[PHOTO AT LEFT CAPTION - Misguided farming policies, including land reform, are keeping millions in the Philippines poor, the World Bank has said]

MANILA, AUGUST 20, 2010, 6:40 A.M. (AFP NEWS at YAHOO!) (AFP) Ė 6 hours ago - Misguided farming policies, including land reform, are keeping millions in the Philippines poor, according to a report released by the World Bank this week.

The report said only the manufacturing and service sectors, which require huge capital and skilled workers, had grown significantly over the last decade while agriculture, which employs most of the non-skilled, faltered.

"These productivity trends reflect a growing scarcity of land and a progressive reduction in the amount of land per worker, aggravated by agrarian reform policies," the World Bank said.

The Philippines passed a land reform law in 1987 to break up large agricultural estates owned mostly by the ruling elite and give land to millions of farmhands.

Last year parliament extended the programme by five years amid widespread landlord opposition, which has kept a number of big corporate farms intact, including one controlled by the family of President Benigno Aquino.

The World Bank urged the government, among others, to set up a commission to review its current agrarian reform policy so farm land is not tied up and can be used more freely as capital.

The government says one in three people in the country of 95 million are poor, with most living in rural areas. The farm sector employed 32.5 million people in April, the latest official data available.

Productivity among Philippine farms has stagnated over 30 years due to falling investment in public infrastructure such as irrigation, as well as reduced farm sizes owing to rapid population growth, the report said.

"This decline in farm size has been intensified by agrarian reforms that have negatively affected the functioning of land markets and made access to land more difficult for small-scale farmers," it added.

The report said other policies over the period brought only short-term relief to select groups though not necessarily the rural poor.

Efforts by the Philippines, now the world's largest rice importer, to grow all of its needs merely stifled the efficient allocation of resources and hindered families from earning incomes from other farm activities, it said. Copyright © 2010 AFP. All rights reserved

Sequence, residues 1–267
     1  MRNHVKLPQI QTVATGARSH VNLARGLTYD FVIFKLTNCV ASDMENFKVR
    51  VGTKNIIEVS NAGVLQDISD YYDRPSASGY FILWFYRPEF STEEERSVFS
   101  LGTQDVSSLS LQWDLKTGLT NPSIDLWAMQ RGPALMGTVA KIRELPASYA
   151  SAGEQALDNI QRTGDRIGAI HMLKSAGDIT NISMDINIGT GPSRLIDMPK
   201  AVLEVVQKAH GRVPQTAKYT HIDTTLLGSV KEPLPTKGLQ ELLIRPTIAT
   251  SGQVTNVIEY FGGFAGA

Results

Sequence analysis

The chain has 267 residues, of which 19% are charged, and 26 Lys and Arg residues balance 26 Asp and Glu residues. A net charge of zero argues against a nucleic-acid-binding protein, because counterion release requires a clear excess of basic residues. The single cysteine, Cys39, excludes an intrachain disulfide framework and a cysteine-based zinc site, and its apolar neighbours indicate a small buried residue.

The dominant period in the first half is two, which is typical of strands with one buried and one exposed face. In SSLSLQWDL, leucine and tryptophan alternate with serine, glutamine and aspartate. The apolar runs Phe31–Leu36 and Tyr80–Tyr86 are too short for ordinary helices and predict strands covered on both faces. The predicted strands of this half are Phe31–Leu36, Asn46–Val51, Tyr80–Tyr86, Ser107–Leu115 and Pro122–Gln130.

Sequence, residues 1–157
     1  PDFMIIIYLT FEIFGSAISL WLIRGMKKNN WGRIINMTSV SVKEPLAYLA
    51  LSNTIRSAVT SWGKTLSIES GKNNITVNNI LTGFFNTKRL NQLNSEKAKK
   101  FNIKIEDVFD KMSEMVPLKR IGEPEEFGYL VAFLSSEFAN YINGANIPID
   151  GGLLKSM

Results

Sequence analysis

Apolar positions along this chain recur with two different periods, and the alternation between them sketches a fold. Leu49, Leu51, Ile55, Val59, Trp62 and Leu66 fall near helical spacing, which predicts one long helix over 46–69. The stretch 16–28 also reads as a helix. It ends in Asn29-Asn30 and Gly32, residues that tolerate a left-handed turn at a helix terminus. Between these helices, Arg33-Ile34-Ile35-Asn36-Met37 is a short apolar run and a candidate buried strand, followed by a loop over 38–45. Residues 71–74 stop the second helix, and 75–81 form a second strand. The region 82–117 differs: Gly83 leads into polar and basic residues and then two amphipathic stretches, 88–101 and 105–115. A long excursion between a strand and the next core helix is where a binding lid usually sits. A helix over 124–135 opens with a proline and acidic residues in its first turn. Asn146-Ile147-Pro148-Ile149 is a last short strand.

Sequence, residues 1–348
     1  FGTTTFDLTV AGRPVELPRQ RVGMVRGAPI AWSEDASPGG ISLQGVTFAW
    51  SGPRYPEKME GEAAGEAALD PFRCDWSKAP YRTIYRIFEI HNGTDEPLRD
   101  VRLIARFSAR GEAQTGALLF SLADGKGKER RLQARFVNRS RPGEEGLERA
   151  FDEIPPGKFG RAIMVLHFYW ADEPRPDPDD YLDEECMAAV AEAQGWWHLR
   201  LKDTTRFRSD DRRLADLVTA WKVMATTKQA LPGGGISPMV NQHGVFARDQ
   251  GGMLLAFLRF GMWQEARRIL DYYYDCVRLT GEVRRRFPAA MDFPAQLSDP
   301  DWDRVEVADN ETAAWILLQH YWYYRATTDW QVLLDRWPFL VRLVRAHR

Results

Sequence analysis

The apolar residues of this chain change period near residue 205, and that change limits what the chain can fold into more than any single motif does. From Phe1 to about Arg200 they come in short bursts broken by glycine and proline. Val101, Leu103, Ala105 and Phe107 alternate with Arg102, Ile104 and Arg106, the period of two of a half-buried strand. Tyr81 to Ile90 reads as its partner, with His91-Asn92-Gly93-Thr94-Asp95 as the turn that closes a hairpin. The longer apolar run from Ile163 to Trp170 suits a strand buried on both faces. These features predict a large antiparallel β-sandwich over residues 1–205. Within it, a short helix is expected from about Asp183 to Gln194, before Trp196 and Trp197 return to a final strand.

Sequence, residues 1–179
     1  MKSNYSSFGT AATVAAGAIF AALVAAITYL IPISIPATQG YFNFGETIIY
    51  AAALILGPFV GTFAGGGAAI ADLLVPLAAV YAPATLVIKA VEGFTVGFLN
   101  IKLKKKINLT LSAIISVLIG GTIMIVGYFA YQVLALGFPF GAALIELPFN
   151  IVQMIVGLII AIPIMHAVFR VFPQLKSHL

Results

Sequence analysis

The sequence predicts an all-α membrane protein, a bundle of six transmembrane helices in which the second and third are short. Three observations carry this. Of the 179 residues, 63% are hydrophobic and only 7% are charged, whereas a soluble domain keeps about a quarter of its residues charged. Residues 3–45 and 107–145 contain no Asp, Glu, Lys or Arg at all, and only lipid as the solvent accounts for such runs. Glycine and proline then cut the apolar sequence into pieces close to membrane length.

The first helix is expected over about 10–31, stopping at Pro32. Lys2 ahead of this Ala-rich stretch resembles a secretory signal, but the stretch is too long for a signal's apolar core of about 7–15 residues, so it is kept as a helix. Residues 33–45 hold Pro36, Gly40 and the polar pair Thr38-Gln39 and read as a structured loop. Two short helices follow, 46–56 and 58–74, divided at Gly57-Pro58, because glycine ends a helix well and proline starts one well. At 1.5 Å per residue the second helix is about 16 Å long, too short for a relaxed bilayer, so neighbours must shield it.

MANILA, AUGUST 20, 2010 (STAR) The government is looking at local government units (LGUs) as possible source of additional revenues by reducing their dependence on Internal Revenue Allotment (IRA).

Finance Secretary Cesar Purisima said most LGUs have been overly dependent on their IRA while neglecting to exercise their own taxing powers.

He said 85 percent of the annual budget of LGUs all over the country is financed by the IRA.

"Right now, most of the local governments are dependent on their local revenue allotment. There should not be reason for that because they have their own taxing power, particularly real estate taxes," Purisima said in a speech delivered at the mid-year economic briefing in Makati City last Wednesday.

For 2010, the government has earmarked a total of P265.802 billion in IRA for LGUs.

From January to June, some P144.830 billion have already been disbursed to LGUs, which is more than half of the full-year allocation.

The remaining balance of P120. 972 billion will be released during the second semester ending December.

The finance chief said LGUs could be made less dependent on their IRA by converting them into aggressive tax collection units.

Purisima said LGUs could raise revenues from alternative sources such as real property taxes (RPT).

He said his agency is discussing with Department of Interior and Local Government (DILG) and the Bureau of Internal Revenue (BIR) on how to improve the RPT collection of LGUs.

Purisima said LGUs may adopt the BIRís system of zonal valuation in assessing the tax due of real estate assets within their jurisdiction.

"Why not adopt the Zonal Valuation for real estate taxes or some standard? So that they can increase the portion that real estate taxes contribute to their own budget," he said.

He added: "Then our liability management effort hopefully will allow us to reduce the amount of money allocated to interest amortization in the budget. Thatís something we want to aggressively do."

Purisima did not say how much IRA would be saved and repatriated back to the state coffers with his plan.

The National Tax Research Center (NTRC) of the Department of Finance (DOF) has scored LGUs for becoming so "demotivated" and dependent on IRA that they have failed to maximize their taxing powers.

Chief News Editor: Sol Jose Vanzi

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